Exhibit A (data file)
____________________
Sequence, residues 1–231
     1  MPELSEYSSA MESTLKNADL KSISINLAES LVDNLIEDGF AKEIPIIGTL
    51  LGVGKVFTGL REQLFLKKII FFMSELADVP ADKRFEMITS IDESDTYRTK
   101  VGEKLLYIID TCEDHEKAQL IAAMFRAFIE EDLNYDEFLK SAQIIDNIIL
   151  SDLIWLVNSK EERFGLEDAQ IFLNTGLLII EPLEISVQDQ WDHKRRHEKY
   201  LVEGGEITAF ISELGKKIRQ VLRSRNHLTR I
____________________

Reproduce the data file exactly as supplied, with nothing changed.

Sequence, residues 1–231
     1  MPELSEYSSA MESTLKNADL KSISINLAES LVDNLIEDGF AKEIPIIGTL
    51  LGVGKVFTGL REQLFLKKII FFMSELADVP ADKRFEMITS IDESDTYRTK
   101  VGEKLLYIID TCEDHEKAQL IAAMFRAFIE EDLNYDEFLK SAQIIDNIIL
   151  SDLIWLVNSK EERFGLEDAQ IFLNTGLLII EPLEISVQDQ WDHKRRHEKY
   201  LVEGGEITAF ISELGKKIRQ VLRSRNHLTR I